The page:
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Thursday, March 5 2020
3:00pm - 4:30pm
Room 131, Clough Undergraduate Learning Commons, 266 4th St NW, Atlanta, GA 30313
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Assessing How Individuals Organize Disciplinary Knowledge – Card Sorting, Superheroes, and Moving Towards Measuring Expertise among Undergraduates

Kimberly Tanner, Ph.D.
Professor & Director of The Science Education Partnership and Assessment Laboratory (SEPAL)
Department of Biology
San Francisco State University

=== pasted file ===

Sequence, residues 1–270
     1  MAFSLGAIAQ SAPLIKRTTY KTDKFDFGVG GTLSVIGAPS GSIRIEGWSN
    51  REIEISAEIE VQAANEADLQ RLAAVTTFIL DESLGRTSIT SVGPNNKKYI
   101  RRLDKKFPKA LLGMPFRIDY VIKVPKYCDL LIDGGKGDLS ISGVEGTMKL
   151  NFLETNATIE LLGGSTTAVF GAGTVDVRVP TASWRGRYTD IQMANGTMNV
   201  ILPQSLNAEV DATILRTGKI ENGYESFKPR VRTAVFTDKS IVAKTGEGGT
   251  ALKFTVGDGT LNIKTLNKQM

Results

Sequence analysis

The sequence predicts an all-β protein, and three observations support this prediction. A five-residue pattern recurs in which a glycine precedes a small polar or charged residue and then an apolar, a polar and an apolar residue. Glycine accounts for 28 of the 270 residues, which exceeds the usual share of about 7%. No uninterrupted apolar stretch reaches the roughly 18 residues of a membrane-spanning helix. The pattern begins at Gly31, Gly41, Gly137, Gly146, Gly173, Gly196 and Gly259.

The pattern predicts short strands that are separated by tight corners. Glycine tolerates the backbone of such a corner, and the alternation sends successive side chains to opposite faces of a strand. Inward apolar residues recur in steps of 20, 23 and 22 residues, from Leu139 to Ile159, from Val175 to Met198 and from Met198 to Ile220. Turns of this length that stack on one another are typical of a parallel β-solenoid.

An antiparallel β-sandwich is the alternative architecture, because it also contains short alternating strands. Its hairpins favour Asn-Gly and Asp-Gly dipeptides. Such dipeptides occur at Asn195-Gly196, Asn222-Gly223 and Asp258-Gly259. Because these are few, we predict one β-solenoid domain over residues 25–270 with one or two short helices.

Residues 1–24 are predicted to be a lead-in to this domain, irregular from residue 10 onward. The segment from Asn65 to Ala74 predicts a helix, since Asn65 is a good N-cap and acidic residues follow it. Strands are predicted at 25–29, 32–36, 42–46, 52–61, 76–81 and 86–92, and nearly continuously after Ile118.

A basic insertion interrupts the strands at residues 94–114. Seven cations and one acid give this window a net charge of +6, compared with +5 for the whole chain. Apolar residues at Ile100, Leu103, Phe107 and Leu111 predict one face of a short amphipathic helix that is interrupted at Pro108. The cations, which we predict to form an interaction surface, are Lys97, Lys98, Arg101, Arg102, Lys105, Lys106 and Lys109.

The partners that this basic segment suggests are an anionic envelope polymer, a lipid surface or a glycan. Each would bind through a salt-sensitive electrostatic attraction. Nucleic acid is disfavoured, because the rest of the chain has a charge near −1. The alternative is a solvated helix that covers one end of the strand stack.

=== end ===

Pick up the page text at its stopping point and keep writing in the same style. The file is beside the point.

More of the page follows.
How do experts structure their thinking about the concepts in their discipline? How is this different from the way those new to a discipline organized these same ideas? How, if at all, does undergraduate education in a discipline affect how an individual organizes their disciplinary knowledge? In this interactive session, participants will engage in exploring differences in expert and novice thinking, which is grounded in theories and methodologies from both science education and cognitive psychology. Attendees will participate in a card sorting exercise to explore the many ways that knowledge within a discipline can be organized. Additionally, participants will then have the opportunity to make predictions about potential organizational frameworks that might be used by novices and experts within their own disciplines. Finally, participants will make predictions about and evaluate primary research data on the influence of undergraduate education on novice-to-expert transitions in the field of biological science, as an example.

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